In openSUSE 10.3, there is no readily available solution (that I know of) that lets a user print to PDF. The closest thing there is to that is a PostScript (PS) file. Fortunately there is a easy way to convert PS files to PDF. There is a command called
ps2pdf which does exactly that. Its usage is very straightforward as well:
ps2pdf document.ps document.pdf
How much simpler can that get?
Installing fonts has been somewhat of a neglect in Linux. Although I haven’t checked, it seems that recent distributions of SUSE Linux has made it GUI-friendly.
Nevertheless, being a console guy, I believe it’s better to know a more reliable way to make things work that is more ‘portable’ (i.e. work in other distributions as well).
So for fonts, the most straightforward way I know is to copy the font into your personal directory’s hidden font folder e.g. /home/coder/.fonts
After having done that, the next step is to then make the font available to your applications. This can be done with the command:
That’s all there is to it!
I’ve always read that installing an operating system, regardless of Windows XP or Linux, on a SD card in the Eee PC is possible. But I haven’t got the chance to prove that – until now.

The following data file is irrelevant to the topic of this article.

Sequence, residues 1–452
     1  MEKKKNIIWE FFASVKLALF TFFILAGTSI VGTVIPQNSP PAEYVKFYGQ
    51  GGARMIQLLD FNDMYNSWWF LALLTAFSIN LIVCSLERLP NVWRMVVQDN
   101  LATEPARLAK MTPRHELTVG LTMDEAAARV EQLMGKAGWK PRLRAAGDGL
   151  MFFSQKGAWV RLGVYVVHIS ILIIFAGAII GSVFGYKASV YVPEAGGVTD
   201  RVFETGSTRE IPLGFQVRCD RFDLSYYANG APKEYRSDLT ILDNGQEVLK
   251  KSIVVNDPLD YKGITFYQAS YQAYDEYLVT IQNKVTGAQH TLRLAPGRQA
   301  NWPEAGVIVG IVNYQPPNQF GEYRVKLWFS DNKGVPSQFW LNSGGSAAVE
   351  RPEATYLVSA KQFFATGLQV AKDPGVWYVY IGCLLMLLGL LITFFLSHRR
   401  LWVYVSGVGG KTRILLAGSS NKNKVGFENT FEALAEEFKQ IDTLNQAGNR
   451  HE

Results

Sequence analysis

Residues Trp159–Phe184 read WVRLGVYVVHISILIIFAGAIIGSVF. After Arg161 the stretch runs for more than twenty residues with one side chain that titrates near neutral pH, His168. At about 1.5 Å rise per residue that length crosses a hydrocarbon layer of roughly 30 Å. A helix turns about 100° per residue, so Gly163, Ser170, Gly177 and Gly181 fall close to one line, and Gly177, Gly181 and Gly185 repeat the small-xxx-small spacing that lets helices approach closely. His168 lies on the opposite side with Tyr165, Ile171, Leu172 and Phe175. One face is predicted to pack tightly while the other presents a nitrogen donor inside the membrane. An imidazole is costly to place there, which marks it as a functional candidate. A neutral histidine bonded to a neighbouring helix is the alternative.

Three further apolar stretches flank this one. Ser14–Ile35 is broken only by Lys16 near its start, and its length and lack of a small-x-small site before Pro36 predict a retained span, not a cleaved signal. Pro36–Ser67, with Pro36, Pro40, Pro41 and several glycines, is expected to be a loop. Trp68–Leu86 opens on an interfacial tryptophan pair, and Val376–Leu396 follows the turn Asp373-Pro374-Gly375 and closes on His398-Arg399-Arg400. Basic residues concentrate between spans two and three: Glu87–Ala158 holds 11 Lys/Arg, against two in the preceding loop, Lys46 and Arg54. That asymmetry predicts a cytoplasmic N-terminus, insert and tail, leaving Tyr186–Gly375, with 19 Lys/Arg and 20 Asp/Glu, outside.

Ever since I’ve started listening to the Security Now podcast, I’ve grown a lot more security- and privacy- conscious (which is a good thing). From the podcast, I’ve learnt that one of the easiest thing you can do to protect yourself on the Internet is to disable cookies by default, and allow only those from domains that you trust to be stored on your computer.
Being a Firefox user, I disabled cookies by default and set up an exception list to allow only hosts that I trust. Over time, this list has grown quite a bit. For whatever reason if I lose this list (either through an upgrade or a different computer), it can be quite inconvenient to redo the list again. Fortunately, I’ve found a way to back up the list.
In my previous post, I mentioned that I sometimes have trouble using the mksusebootdisk script make the thumb drive bootable. In a recent endeavour to install openSUSE 10.3 onto the Eee PC again, I encountered the same problem. This time though, I was in a rush for time and simply refused to do the whole process from formatting the file system (till this date I still have not figured out what is the cause of the problem).
So I turned to Google. Lo and behold, by chance I bumped into John Anderson’s blog. In this particular page he described the manual steps that can be taken to make the thumb drive bootable. And it works!
All that needs to be done are but just a few steps. First step is to simply copy ALL the files under <installation_dvd>/boot/i386/loader/ to the root directory of the thumb drive.
Then rename the file isolinux.cfg to syslinux.cfg in the thumb drive.
Finally unmount the thumb drive and run the command below (the syslinux package has to be installed), assuming that the thumb drive device name is /dev/sdb:
And you’re done!